Pierre Hines recently won a $20,000 grant from the Atlantic Council in recognition of his remarkable nonprofit startup, Caribbean Returning Nationals Foundation, which he joined to support economic development in Caribbean countries. The organization was founded by Arlene Graham.
“‘Brain drain,’ the process by which a country loses skilled labor through emigration to developed countries, is a significant challenge for Caribbean countries. Many countries have lost more than 70 percent of their educated workforce,” Pierre explains.
For Pierre, this is a personal cause. “I am one of 1.2 million children in the United States with at least one Caribbean-born parent. My Jamaican father and his entire family immigrated to the United States in the 1970’s, and that decision is one the reasons I’ve had world-class educational and professional opportunities.”
“However,” he continues, “I understand that the migration of skilled labor creates challenges for local governments because they lose tax revenue that emigrants would have generated and human capital that emigrants would have contributed.”
Those who return to the Caribbean with quality education from the US or other more developed countries also face challenges. He notes, “It is problematic to have persons with MBAs working as bank tellers. And, for example, I have met a promising person with a master’s degree in engineering who took a job as a locksmith upon returning to the Caribbean.”
With 3.5 million immigrants from the Caribbean living in the U.S., Pierre hopes to tap into that Caribbean diaspora to foster economic development in the region. They are working on two specific initiatives now.
First, he says, “CRN recognizes that Caribbean countries must diversify their economies—particularly because of their heavy reliance on tourism—and recognizes that creating entrepreneur opportunities is a tried-and-true method of bridging the gap between the developing and developed countries. Through the ‘Challenge Cup-Caribbean‘ and related activities, CRN is expanding opportunities for startups to seek international investments and business relationships. CRN’s entrepreneur initiative also allows those with expertise in the diaspora to participate in skills-based volunteering by mentoring startups in their area of expertise—turning the ‘brain drain’ into a ‘brain gain.'”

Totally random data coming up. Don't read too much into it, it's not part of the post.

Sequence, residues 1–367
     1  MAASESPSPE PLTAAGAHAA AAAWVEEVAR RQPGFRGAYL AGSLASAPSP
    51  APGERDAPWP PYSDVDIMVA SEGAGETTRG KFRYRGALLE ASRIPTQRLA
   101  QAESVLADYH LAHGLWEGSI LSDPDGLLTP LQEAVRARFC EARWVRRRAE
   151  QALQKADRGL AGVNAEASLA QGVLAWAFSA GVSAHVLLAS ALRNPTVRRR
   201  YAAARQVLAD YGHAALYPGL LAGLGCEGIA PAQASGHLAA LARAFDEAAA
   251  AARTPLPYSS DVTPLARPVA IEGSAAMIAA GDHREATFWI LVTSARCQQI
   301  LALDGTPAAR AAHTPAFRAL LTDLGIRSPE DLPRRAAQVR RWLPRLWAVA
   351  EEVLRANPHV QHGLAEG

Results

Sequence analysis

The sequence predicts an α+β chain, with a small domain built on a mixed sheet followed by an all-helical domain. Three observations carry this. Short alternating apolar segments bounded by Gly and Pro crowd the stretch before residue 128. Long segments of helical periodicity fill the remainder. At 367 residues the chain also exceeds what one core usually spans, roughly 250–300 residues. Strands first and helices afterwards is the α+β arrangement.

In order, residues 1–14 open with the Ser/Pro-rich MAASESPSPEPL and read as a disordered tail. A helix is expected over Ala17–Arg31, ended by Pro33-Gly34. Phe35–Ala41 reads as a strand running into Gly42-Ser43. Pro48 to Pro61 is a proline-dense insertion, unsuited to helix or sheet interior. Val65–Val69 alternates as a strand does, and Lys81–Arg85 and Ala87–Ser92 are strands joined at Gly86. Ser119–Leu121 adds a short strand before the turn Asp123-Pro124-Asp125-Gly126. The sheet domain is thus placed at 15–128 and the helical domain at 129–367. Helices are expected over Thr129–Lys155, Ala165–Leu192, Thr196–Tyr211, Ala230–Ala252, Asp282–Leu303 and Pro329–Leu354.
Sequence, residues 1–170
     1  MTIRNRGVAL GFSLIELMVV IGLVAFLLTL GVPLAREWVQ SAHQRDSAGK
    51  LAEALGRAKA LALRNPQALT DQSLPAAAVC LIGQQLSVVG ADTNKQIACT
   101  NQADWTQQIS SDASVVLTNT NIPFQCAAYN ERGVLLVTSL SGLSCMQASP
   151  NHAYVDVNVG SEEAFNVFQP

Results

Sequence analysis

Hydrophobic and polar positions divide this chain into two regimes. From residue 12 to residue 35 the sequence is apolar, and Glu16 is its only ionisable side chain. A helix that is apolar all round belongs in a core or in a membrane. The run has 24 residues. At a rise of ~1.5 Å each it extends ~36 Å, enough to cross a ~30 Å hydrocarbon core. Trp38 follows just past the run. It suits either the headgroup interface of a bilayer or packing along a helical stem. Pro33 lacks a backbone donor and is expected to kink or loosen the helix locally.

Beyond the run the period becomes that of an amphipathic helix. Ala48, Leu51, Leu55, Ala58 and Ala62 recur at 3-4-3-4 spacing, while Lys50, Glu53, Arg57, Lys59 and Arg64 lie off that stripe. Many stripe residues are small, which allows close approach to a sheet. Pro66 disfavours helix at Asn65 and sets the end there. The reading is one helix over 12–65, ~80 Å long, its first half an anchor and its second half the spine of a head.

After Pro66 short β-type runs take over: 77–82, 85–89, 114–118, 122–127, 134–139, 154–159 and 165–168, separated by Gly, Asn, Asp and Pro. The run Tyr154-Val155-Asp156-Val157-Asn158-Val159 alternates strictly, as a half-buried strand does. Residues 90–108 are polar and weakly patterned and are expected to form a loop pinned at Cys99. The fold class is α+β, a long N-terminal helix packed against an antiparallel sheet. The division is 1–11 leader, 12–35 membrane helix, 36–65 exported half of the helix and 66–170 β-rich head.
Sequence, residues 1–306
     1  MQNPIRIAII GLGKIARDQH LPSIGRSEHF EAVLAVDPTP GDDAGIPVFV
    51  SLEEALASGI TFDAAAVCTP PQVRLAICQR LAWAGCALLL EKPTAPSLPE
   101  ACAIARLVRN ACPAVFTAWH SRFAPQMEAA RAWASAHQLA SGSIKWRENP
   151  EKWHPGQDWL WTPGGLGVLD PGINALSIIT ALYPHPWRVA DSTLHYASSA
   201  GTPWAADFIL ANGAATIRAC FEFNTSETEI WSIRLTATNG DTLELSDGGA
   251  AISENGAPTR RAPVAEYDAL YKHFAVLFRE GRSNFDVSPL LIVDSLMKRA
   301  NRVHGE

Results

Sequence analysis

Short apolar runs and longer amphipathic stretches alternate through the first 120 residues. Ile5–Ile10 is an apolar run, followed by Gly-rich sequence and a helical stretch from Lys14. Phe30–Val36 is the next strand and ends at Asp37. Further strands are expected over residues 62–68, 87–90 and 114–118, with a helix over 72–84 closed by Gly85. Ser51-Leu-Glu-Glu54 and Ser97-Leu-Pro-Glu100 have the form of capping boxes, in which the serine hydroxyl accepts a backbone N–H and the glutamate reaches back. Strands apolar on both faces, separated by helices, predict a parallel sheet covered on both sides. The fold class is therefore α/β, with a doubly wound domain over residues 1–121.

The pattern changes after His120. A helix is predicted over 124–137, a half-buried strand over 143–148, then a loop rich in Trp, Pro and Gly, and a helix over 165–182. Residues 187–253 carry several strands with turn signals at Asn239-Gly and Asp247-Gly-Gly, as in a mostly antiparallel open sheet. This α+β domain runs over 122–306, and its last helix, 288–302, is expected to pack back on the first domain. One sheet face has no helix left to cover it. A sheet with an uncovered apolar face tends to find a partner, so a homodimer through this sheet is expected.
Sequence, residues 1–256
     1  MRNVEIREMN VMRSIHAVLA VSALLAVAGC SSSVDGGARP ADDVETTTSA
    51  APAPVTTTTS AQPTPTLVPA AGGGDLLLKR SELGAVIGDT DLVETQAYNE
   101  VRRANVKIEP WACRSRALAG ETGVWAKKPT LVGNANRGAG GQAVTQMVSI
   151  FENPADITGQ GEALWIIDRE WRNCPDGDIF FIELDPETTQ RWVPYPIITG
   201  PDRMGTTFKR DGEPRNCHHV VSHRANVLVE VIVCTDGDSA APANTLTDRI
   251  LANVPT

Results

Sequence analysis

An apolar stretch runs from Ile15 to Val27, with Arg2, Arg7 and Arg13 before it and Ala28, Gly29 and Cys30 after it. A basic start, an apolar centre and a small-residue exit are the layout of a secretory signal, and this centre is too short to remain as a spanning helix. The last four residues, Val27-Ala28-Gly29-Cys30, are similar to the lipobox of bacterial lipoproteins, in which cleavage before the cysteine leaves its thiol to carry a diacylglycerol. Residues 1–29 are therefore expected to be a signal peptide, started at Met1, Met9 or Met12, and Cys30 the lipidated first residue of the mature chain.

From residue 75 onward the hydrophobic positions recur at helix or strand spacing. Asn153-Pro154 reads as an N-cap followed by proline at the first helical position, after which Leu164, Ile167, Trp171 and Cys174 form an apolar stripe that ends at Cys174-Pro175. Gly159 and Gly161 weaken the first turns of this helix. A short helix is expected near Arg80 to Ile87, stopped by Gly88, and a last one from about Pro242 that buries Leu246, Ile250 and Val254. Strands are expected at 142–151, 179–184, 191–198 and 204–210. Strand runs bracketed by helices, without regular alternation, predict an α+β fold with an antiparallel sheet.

“Another way that CRN is working to solve the problem is through youth empowerment initiatives. CRN formed the ‘Students for Students Initiative,’ which connects students and young professionals through social media into a support network that facilitates their professional development and enhances cultural awareness,” Pierre continued. “One of CRN’s immediate goals is to establish a physical Caribbean Coworking Campus for entrepreneurs and young people to work, connect, and learn.”
Pierre has a big dreams for CRN, “Our vision for the Caribbean Returning Nationals Foundation is for it to become a trusted gateway for the Caribbean Diaspora to connect with and contribute to their home region. We also want it to serve as a gateway for those living in the Caribbean to obtain educational and professional opportunities in the global marketplace. Ultimately our goal is for a tech entrepreneur in Kingston, a product manufacturer in Port of Spain, and a service provider in St. Lucia, to have the same educational and professional opportunities as their counterparts in the United States, the United Kingdom, and Canada.”
On Thursday, January 21, 2016 at noon Eastern, Pierre will join me for a live discussion about CRN. Tune in here then to watch the interview live. Post questions in the comments below or tweet questions before the interview to @devindthorpe.
More about Caribbean Returning Nationals Foundation:
The Caribbean Returning Nationals Foundation is a grassroots non-profit that supports economic development in the Caribbean to reverse the effects of the “brain drain.” It connects financial and intellectual capital from the Caribbean Diaspora back into the region.
Pierre Hines was born in the United States and is of Jamaican heritage. He is a Board Member of the Caribbean Returning Nationals Foundation, a non-profit that connects financial and intellectual capital from the Caribbean Diaspora back into the region. Pierre is also a corporate attorney based in the Washington, D.C. office of global law firm Jones Day. Prior to joining the legal and non-profit sectors, Pierre served as a Captain in the intelligence branch of the U.S. Army, where he served in a tactical unit and on an IT program. He is also a Fellow with the Atlantic Council, through its Millennium Leadership initiative for veterans under age 35. Pierre received his B.S. from the U.S. Military Academy at West Point and his J.D. from Georgetown University Law Center.